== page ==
http://www.bethmjames.com

 

Lessons Learned: Getting Refreshed

Image result for free thanksgiving clip artI hope everyone enjoyed their long Thanksgiving weekend. My husband and I hosted dinner on Thanksgiving Day, having family join us for a great afternoon and evening. I then had three full days to tackle my writing goals and knock off some items on my chore list. For the first time in ages, I did not leave my house for the entire four-day weekend. I can’t even remember the last time that happened.

I had an amazing time battling the Morlorns as I worked on the draft to my next book, the third in the “Dream or Reality” series for “The Calling.” While most of you were shopping on Black Friday or on the weekend, I decided to hibernate inside my happy little home. Not only did I write, but I also put up the Christmas decorations, paid bills, cleaned, and spent time with Mike.

Now that I’m refreshed, I’m ready to start the week feeling better about myself, my accomplishments, and happy to get through that battle near the stone dwelling. My characters never get a holiday, but this year I did. I’m ready to rejoin society and take on the outside world once again.

Beth M James

Novels based on strong characters and elements of romance.

http://www.bethmjames.com

Lessons Learned: One Way of Cruising

My husband and I recently came back from a cruise to the Western Caribbean. We absolutely loved it. This was our second cruise ever and our second cruise with Norwegian Cruise Line (NCL). I’ve decided that I really like cruises. I like being able to:

  • Dine when and where I want to. We went with a group of friends, and we gathered every night to eat dinner together at one of their “included” restaurants. The last night on the ship, we had dinner with a show (that one we paid a little extra for). Since we weren’t eating until later on, Mike and I went down to the buffet for a small snack to hold us over. They were serving prime rib. Lean, juicy prime rib. How could we refuse? What a snack!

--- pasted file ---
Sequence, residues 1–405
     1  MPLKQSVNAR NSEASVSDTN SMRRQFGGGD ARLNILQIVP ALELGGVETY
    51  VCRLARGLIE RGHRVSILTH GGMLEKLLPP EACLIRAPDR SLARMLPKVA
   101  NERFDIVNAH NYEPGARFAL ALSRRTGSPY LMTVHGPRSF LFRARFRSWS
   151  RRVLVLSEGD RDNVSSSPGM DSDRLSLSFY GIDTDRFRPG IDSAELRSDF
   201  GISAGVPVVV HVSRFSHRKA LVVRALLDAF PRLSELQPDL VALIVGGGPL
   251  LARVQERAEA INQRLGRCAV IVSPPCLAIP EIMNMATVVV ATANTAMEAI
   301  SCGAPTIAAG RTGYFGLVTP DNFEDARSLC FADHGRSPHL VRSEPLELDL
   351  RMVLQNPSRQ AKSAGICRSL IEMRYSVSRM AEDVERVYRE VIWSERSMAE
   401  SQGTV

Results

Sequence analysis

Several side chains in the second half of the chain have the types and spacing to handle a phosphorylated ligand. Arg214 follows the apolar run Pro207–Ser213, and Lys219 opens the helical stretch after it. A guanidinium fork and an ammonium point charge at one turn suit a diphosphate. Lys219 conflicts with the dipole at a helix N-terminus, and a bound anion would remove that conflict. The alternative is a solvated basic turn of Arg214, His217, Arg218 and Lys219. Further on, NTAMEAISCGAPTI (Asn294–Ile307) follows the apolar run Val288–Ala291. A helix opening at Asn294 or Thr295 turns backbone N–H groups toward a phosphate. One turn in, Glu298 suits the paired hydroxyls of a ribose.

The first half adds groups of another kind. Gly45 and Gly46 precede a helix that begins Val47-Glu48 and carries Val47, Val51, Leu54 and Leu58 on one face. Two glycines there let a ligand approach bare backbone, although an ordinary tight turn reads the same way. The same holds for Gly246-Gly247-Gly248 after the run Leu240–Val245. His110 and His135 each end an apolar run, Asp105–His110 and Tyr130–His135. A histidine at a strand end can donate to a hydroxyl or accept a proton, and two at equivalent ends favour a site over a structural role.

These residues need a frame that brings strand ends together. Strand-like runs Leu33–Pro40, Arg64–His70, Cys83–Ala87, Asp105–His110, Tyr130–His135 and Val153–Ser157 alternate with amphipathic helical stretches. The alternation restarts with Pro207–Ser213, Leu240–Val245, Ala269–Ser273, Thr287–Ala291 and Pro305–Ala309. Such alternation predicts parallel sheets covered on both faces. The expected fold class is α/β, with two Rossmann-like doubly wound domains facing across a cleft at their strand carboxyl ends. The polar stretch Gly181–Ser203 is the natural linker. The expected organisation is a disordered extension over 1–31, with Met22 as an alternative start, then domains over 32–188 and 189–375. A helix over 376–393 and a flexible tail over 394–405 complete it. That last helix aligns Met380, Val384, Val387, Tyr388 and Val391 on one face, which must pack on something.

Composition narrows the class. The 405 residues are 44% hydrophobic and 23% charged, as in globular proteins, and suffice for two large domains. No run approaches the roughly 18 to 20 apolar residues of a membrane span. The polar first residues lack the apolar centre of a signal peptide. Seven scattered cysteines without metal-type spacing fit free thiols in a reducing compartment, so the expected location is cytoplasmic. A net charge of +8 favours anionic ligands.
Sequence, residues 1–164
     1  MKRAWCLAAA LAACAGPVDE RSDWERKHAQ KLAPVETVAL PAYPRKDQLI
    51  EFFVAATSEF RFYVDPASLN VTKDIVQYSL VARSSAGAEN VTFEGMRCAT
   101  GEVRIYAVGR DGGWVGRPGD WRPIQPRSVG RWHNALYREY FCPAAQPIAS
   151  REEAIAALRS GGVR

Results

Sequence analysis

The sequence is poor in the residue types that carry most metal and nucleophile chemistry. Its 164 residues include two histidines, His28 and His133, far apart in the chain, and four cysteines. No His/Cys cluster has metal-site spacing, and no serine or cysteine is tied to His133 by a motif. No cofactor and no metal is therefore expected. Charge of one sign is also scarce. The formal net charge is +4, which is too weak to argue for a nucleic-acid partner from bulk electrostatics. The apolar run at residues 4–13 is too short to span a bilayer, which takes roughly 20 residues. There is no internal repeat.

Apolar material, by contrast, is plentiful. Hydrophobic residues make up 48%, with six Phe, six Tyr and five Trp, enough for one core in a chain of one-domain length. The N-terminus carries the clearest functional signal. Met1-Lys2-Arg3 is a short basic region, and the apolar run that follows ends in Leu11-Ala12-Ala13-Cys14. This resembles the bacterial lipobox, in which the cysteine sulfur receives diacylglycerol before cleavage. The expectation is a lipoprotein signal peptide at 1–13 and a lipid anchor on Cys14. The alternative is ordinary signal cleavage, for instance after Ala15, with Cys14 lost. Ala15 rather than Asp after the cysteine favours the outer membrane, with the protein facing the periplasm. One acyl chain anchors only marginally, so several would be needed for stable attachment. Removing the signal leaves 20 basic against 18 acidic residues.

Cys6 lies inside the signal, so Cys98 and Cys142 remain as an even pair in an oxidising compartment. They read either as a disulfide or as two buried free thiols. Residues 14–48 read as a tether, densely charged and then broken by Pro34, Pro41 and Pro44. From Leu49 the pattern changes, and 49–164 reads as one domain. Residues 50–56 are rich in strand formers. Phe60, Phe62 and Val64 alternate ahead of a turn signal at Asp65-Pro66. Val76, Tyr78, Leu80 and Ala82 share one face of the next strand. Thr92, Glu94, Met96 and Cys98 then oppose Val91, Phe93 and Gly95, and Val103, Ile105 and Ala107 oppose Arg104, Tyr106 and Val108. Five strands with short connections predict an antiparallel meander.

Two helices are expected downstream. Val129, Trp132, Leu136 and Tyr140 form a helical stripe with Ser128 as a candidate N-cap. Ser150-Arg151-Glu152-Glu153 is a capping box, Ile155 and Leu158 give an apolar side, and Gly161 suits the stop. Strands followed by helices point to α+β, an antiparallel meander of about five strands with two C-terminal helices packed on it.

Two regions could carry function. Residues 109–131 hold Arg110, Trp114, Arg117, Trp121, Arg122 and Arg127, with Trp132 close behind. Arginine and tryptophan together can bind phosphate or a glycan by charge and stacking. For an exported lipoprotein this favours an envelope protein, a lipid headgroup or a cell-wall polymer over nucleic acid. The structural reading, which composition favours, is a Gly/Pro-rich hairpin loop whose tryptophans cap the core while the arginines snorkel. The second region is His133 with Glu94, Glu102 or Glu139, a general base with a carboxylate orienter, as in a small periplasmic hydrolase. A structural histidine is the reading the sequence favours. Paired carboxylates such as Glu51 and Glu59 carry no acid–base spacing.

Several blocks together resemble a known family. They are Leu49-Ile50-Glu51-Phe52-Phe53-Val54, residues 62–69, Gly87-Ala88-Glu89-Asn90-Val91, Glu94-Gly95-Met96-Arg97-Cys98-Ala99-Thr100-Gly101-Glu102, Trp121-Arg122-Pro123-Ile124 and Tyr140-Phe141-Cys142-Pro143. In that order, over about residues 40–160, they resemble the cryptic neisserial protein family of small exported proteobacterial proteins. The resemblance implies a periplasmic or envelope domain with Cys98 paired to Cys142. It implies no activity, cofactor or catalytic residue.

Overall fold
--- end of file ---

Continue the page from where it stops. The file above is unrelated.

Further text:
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Who knew? Sliced bananas with faces!

 

  • Have unlimited beverages. When you start drinking a few in the afternoon and then finish the evening with a few more (not to mention the drinks in between), those fun drinks can add up—if paying for them. At home, I normally drink beer. Not on these cruises. Give me beach drinks. I’ll worry about my weight later.
  • Attend the free entertainment. This last trip was awesome. In fact, the free entertainment was better than the two we paid for. Burn the Floor and Million Dollar Quartet were fantastic shows that had awesome dancers and singers. The comedians were funny and gave us a good laugh. Dueling pianos was fun as well. I had no problem watching one of the piano players. No problem at all…
  • Wear what I want. People wore all different kinds of outfits from fancy, sparkly, long gowns to shorts and tank. No one forced you to dress up. That made me happy because after a day in port, I liked wearing relaxed chic. I was on vacation. Comfort overruled.

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Cool dude wearing Mike’s glasses.

 

There were a few disappointing things that happened, but I can’t say that the events wrecked my trip. They were minor. In fact, I was double charged for the paid entertainment on the ship. When I called to explain the issue, the guy couldn’t help me yet (I had to wait a few more days to see if the credit went through). In the meantime, I booked our next cruise. Oh yeah.